One hundred years ago this month, San Francisco launched perhaps its greatest party ever. Officially, the nearly year-long fair at Harbor View (now the Marina District) — the Panama-Pacific International Exposition — celebrated the opening of the Panama Canal. To city leaders and residents, though, it was really a celebration of the city’s own resurrection from the devastating earthquake and fire of 1906.
To build excitement about the forthcoming fair, the city installed lights in 1914 that outlined the Ferry Building tower at night, along with a lighted “1915” above the famous clock. On the Bay side, ferryboat riders all saw the big neon sign running the length of the building: “California Welcomes the World — Panama-Pacific Exposition.” The lights signs stayed up through the end of the fair.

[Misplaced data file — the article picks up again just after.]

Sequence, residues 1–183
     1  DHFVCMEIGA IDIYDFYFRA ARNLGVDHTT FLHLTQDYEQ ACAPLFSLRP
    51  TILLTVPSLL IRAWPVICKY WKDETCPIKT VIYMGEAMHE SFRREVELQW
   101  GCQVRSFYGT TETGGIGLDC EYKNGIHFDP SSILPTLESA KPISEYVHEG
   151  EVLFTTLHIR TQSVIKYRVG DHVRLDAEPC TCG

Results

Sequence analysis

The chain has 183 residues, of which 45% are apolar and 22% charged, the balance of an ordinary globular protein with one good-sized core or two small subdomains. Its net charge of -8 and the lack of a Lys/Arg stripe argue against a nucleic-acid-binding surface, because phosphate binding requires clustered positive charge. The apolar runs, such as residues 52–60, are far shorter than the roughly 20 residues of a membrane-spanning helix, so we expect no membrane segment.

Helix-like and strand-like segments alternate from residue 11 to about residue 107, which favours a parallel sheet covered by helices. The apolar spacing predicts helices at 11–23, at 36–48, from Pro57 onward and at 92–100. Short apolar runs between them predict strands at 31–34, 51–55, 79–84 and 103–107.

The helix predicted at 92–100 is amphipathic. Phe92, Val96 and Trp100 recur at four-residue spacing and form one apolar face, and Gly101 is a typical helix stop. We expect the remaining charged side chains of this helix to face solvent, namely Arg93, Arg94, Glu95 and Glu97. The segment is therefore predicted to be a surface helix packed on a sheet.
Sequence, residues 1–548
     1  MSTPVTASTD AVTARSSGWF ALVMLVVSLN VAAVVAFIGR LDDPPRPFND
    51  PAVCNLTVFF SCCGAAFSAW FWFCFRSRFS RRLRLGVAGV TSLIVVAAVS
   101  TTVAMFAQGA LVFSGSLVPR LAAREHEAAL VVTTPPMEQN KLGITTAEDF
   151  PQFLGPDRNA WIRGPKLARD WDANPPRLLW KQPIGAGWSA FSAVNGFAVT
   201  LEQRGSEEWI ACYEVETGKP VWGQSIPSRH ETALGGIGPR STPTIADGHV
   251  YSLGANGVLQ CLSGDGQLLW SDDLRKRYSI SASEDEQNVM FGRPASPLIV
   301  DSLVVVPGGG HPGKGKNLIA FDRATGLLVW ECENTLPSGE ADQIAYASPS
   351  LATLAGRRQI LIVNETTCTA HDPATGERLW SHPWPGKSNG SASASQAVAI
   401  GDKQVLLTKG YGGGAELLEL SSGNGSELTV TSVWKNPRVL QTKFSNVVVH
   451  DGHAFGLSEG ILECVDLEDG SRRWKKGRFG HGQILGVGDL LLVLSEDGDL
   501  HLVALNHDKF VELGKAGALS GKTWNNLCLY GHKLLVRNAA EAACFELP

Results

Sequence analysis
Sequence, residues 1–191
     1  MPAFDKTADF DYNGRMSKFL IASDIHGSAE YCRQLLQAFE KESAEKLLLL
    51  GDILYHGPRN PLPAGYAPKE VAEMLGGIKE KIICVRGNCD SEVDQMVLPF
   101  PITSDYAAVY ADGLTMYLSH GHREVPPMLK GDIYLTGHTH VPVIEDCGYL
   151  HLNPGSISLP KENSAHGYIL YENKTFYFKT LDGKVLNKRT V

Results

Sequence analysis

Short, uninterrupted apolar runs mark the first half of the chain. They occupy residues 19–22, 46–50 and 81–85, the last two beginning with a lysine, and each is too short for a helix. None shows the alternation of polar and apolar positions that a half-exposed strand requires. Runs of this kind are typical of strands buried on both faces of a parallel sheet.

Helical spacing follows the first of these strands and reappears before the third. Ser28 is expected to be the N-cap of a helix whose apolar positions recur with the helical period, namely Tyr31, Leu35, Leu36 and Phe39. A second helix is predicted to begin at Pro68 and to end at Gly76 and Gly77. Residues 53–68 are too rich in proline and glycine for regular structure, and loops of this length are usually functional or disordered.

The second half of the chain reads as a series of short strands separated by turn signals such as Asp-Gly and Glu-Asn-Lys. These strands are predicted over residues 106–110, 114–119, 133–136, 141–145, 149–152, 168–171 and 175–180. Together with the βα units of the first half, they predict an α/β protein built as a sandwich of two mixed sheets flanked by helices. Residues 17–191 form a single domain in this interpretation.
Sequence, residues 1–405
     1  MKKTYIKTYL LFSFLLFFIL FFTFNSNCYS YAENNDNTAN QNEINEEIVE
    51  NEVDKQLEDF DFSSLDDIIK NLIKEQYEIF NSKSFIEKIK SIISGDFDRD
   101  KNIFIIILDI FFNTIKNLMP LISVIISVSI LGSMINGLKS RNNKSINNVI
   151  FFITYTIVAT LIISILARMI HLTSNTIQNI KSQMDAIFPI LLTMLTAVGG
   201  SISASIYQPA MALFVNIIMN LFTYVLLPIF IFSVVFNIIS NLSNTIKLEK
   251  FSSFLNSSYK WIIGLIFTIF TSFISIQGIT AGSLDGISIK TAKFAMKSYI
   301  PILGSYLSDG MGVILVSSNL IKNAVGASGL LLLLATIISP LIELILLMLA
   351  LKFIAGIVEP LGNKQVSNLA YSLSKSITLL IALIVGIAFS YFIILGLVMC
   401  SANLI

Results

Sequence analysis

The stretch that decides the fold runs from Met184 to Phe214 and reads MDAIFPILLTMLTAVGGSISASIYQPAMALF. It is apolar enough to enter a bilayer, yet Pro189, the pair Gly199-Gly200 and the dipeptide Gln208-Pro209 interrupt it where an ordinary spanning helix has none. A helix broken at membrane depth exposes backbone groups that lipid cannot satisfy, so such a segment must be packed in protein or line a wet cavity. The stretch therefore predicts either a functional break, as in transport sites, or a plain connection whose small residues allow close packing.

Thanks to a great idea by San Francisco historian and civic leader Donna Ewald Huggins, the lights and “1915” sign are coming back next month, expected to be dedicated March 3. Carl Nolte’s Chronicle story this morning has the details (but note that the content is behind the on-again Chron paywall, so the link may not work for everyone).
The signs and lights cost $80,000, the biggest single chunk coming at the last minute from Bay Area philanthropist Tad Taube. We thank Tad, Donna, and all the others involved in this great project.
The photo above, from our archives, shows the 1915 sign on the Ferry Building amid a cluster of streetcars operated by Muni and its competitor United Railroads. The banner strung above the Ferry Building entrance — “The Panama Canal is Open”, the “Ball Park” dash sign on the A-Geary streetcar, center, (Ewing Field was a couple of blocks off the line, on Masonic), and the automobile license plate tell us its late summer 1914.
At our San Francisco Railway Museum through October, see our exhibit “Fair, Please!” on how Muni came of age by serving the 1915 fair. At the museum or on our online store, you can also buy a wonderful new book by Laura Ackley on the fair.